Graduation Year

2018

Document Type

Dissertation

Degree

Ed.D.

Degree Name

Doctor of Education (Ed.D.)

Degree Granting Department

Adult, Career and Higher Education

Major Professor

William H. Young, III, Ed.D.

Co-Major Professor

Judith A. Ponticell, Ph.D.

Committee Member

Yi-Hsin Chen, Ph.D.

Committee Member

Jody Conway, Ph.D.

Committee Member

Robert Sullins, Ed.D.

Keywords

higher education, gender, women in leadership, administration

Abstract

The purpose of this study was to (a) investigate perceptions of women administrators in higher education as they relate to their positions and (b) learn more about women’s perceptions as they relate to gender in leadership in higher education. and (c) determine where we need to go from here in terms of improvement. Investigating these issues in the 21st century will give us a current temperature and a snapshot of where we are and where we need to go from here as it relates to women leaders in higher education.

The focus of this study was women who are administrators in higher education. The study participants encompass middle management administrators in higher education. This study used a questionnaire designed and utilized by Gloria Appelt Slick and Dr. Sandra Lee Gupton when they conducted their research in 1993 on women leaders in K-12 education. The following research questions served as a guide to this inquiry:

• Research Question 1 (RQ1): What are the perceptions of the participants in regard to the impact of gender in higher education leadership?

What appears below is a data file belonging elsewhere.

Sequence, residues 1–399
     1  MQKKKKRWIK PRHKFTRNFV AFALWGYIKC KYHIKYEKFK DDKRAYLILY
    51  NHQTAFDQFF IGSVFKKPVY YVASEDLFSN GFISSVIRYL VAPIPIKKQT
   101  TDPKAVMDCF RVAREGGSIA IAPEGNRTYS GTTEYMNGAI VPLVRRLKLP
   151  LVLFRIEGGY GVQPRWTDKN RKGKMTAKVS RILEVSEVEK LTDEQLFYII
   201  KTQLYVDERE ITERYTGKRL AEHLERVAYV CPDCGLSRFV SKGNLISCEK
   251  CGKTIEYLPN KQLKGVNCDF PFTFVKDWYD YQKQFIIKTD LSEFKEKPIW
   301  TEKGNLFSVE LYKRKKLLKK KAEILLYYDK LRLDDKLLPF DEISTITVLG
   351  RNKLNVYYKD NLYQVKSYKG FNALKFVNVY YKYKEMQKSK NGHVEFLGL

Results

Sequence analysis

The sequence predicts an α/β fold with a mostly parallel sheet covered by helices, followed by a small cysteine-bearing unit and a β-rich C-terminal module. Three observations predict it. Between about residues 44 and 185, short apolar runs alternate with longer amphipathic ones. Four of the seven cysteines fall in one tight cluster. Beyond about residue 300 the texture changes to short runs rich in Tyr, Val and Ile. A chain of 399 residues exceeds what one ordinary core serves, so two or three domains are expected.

• Research Question 2 (RQ2): What are the self-perceptions of the participants regarding their own career development as it relates to their position as a woman administrator?

• Research Question 3 (RQ3): What are the self-perceptions of the participants compared to their female and male counterparts related to given leadership characteristics?

In this study, a quantitative research design was used. Descriptive statistics were utilized for configuring and describing sets of data that have been collected from the participants in the study. Finally, content analysis was used to analyze the final two questions that are more open ended in nature.

Overall, the participants expressed a level of comfort and success in their leadership positions in higher education administration. The majority also said that if they had the chance they would “do it all over again.” While a level of comfort is there, there were other issues that surfaced in this study that potentially need to be addressed to further the leadership success for women in higher education.

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